See Sydney on a Budget: Top tips from a local expert [2024]

Planning a trip to Sydney on a budget if can be pretty daunting. Talk of it being an expensive city is true, food and accommodation can set you back but with our tips you can still have a wonderful time.

Sydney is recognised as one of the most expensive cities in the world to live – but it doesn’t mean you can’t enjoy all the sights and sounds of this picturesque wonder by saving your pennies. If you are going to Sydney, you may balk at how pricy things can get, such as food, transport, and accommodation.

With all that in mind, can you visit and enjoy Sydney on a budget? Yes, we think you can. There are so many things to do and explore in Sydney that don’t cost the earth – in fact, they may cost nothing! Here’s our guide to making your dollar (or pound or rupee) stretch as far as possible while having a blast along the way.

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Start off right – Save money on exchanging your currency

The first step to saving money is to keep as much of your local currency as possible in the foreign exchange process. That means getting on top of how much in fees your bank or credit card provider will charge – sometimes they’ll double or triple dip on the one transaction!

A rainbow of Australian money

Your best bet is to use a money transfer comparison site to see how forex offices structure their fees and commissions – and some might not even do that! Some advanced platforms will only execute trades when they’re at their most favourable for you, which means more money in your pocket at the end of the day. Some foreign currency exchanges such as Wise allow you to track all your currencies via the convenience of an app.

Plan to meet with a Sydney Greeters

Every corner of Sydney hides a hidden historical gem – Sydney is the birthplace of Australia, after all. To get a free walking tour of Sydney, you can take advantage of a free tour with the not-for-profit Sydney Greeters.

Sydney Greeters Paula
A lovely French family I took out when I was a Sydney Greeter

They’re volunteers who help tourists and new arrivals find all the interesting and wonderful places Sydney offers. From a walk in a historic neighborhood to a visit to a farmer’s market or a ferry ride to Manly Beach, there are all sorts of places you can explore with a greeter.

They also have some greeters who speak languages other than English too – it’s all in the name of cultural exchange!

They also emphasise sustainable tourism, which means low impact activities (and light on the hip pocket!)

Finding things to do in Sydney that are budget friendly.

Though you might think nothing is free in this town, don’t worry – Sydney has plenty to do for free or little outlay, in fact we have a list of 75 free and cheap things to do in Sydney.

Check out the icons on the cheap

While the Bridge climb is expensive, you can enjoy the bridge without breaking the bank. Two budget options are to walk across the pedestrian footpath that goes across the bridge or visit the Sydney Harbour Bridge Pylon where for approx $20 you can take in a 360-degree view of the harbor.

Sydney Harbour Bridge Footpath
Walking across the Harbour Bridge footpath provides great views for free!

An Opera House tour will cost just under $30, but you can also just walk around the outside or dine at one of the many outlets in the house to enjoy its beauty up close. You can also sometimes grab tickets to a performance. These can be as cheap as $50.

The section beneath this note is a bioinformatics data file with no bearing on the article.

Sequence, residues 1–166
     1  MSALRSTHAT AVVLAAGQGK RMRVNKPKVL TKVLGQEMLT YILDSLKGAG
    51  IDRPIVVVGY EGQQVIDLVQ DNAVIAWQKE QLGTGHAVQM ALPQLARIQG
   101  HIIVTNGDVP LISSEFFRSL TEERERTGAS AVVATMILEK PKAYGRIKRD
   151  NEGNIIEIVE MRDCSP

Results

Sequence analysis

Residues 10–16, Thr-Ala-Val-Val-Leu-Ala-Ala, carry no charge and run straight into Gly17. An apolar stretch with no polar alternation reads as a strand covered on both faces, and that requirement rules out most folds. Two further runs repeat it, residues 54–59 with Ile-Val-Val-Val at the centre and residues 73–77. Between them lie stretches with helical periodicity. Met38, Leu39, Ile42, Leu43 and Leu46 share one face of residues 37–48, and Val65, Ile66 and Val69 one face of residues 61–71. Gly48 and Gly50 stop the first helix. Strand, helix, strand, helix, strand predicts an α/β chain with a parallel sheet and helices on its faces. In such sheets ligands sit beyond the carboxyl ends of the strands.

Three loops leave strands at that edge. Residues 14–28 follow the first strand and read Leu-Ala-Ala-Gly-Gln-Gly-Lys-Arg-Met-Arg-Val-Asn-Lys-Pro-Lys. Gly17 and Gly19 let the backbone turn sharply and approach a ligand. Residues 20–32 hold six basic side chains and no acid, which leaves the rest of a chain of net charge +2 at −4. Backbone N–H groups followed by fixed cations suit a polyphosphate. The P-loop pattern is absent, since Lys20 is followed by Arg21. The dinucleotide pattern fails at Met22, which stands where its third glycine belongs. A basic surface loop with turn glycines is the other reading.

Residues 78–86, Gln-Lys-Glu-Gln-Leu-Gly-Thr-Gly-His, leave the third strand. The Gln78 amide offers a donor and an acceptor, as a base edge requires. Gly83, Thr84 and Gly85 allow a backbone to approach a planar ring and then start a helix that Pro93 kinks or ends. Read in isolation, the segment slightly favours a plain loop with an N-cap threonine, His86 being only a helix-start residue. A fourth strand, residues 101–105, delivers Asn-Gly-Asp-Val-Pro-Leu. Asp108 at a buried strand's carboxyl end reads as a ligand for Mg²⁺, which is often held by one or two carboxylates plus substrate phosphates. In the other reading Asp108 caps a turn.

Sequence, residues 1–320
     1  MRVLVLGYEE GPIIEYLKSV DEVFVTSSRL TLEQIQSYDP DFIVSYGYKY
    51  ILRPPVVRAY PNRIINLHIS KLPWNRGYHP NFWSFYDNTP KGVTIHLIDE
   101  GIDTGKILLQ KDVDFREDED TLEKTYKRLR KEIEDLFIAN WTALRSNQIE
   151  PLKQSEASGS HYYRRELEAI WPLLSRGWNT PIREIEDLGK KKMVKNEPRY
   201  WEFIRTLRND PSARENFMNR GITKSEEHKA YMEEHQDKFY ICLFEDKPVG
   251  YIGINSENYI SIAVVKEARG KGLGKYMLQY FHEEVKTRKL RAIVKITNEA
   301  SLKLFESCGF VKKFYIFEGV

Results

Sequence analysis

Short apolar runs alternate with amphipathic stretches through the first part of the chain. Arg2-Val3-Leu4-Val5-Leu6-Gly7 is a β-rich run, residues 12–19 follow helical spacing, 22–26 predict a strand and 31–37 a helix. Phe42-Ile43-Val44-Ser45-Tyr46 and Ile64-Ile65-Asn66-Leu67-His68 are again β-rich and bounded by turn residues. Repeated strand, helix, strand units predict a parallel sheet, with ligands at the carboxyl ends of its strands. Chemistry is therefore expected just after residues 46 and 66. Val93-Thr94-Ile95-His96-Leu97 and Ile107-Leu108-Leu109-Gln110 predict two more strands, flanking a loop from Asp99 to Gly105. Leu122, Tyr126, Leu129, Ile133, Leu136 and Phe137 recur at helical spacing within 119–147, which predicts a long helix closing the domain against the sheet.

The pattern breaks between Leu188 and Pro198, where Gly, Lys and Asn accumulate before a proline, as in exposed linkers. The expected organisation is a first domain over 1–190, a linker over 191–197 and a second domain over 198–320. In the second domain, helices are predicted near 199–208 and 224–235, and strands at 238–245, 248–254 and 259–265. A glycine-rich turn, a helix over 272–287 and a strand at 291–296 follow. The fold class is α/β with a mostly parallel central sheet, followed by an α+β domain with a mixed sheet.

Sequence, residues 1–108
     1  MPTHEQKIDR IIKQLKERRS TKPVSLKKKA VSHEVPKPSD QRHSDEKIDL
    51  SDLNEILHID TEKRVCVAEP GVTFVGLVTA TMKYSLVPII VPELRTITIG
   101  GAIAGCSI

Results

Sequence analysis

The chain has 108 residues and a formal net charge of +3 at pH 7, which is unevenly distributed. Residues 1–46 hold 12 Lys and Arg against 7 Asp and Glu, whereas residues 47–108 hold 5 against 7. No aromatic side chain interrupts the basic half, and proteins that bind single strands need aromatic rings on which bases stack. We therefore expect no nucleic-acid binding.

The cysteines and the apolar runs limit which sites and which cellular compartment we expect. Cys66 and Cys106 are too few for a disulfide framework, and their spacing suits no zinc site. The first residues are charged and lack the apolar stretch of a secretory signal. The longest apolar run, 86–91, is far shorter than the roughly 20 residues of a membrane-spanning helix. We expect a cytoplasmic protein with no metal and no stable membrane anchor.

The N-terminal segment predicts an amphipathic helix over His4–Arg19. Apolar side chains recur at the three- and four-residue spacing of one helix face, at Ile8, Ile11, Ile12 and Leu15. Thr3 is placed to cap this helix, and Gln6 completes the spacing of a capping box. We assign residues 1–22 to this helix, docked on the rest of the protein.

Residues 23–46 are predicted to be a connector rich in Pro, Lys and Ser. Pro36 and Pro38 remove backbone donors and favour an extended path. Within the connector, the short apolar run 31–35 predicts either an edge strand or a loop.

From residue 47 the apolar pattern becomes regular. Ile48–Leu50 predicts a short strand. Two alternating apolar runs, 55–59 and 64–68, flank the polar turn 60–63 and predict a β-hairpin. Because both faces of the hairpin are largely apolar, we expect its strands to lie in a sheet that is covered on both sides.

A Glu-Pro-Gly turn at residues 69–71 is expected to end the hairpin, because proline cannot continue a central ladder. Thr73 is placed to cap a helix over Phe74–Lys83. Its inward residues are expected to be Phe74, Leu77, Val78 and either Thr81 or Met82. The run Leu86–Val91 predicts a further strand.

Stroll one of the city’s best walking tracks

Much of the land on the harbor’s edge is public land and there is no better way to see the city than by lacing up your walking shoes and hitting the waterside walking paths and tracks when you visit Sydney.

The start of the Sydney Foreshore Walk

From a short walk through the Rocks to a half day walking ticking off all the big sights, there is a walk to suit you.

If you only have time for one walk head to Mrs Macquaries Point for stunning views of Sydney Harbour. Found at the edge of the Royal Botanic Gardens, from Mrs Macquaries Point, you can take in this iconic view of the Sydney Harbour Bridge and Opera House. Just enter the Gardens at the Opera House gate and follow the path around to the end.

Postcard view Sydney from Mrs Macquarie's Point
The view from Mrs Macquarie’s Point

If you are staying in the city center as opposed to Circular Quay, then this walk from Hyde Park to the Opera House via the Royal Botanic Garden is a great first day experience. Along the way, you pass St Mary’s Cathedral, The Australian Museum and the Art Gallery of NSW. Depending on your schedule, you could stop in at and explore any of these for free. In fact, the Art Gallery offers free tours at 11am every day.

If you have a little more time and energy, the Foreshore walk from Woolloomooloo to Pyrmont is a top choice. At 11km you will spend 2-3 hours traversing the waterfront past many of the city’s best sights including the opera house, Circular Quay, the Rocks, and the Museum of Contemporary Art, Barangaroo, and Darling Harbour’s Wild Life Sydney Zoo and Sydney Sea Life aquarium.

Barangaroo Reserve foreshore

Last but not least, the iconic Bondi Beach to Coogee Beach walk is a must. We prefer to start at Coogee Beach and make our way to Bondi Beach as there are more cafes and transport options at this end.

Bondi to Coogee walk sydney
Bondi to Coogee Walk

Visit a National Park

Next up explore one of the city’s national parks. You don’t have to head far from the Sydney CBD to get a dose of nature.

Nature lovers will appreciate the Taronga Zoo to Balmoral Beach walk in Sydney Harbour National Park. The city skyline is directly across the harbor but you feel you are miles from the crowded streets of the Sydney CBD. This guide will help you find the highlights of the walk.

Bradleys Head Harbour View Sydney
The harbour view from Bradley’s Head

If you prefer to explore the eastern suburbs of Sydney, then make your way to Watson’s Bay and walk out to South Head lookout. Also, a part of Sydney Harbour National Park this walk offers a mix of history and views for the price of a ferry ride.